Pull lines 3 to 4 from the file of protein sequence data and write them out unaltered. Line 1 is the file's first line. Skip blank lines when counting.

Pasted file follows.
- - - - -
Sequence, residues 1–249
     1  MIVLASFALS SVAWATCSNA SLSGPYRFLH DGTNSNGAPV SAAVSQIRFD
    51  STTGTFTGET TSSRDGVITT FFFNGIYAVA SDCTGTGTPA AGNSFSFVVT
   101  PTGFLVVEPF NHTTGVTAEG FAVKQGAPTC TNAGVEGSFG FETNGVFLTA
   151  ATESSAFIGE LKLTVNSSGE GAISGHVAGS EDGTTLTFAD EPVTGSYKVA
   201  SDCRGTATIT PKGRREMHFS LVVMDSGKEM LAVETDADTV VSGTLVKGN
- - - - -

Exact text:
    51  STTGTFTGET TSSRDGVITT FFFNGIYAVA SDCTGTGTPA AGNSFSFVVT
   101  PTGFLVVEPF NHTTGVTAEG FAVKQGAPTC TNAGVEGSFG FETNGVFLTA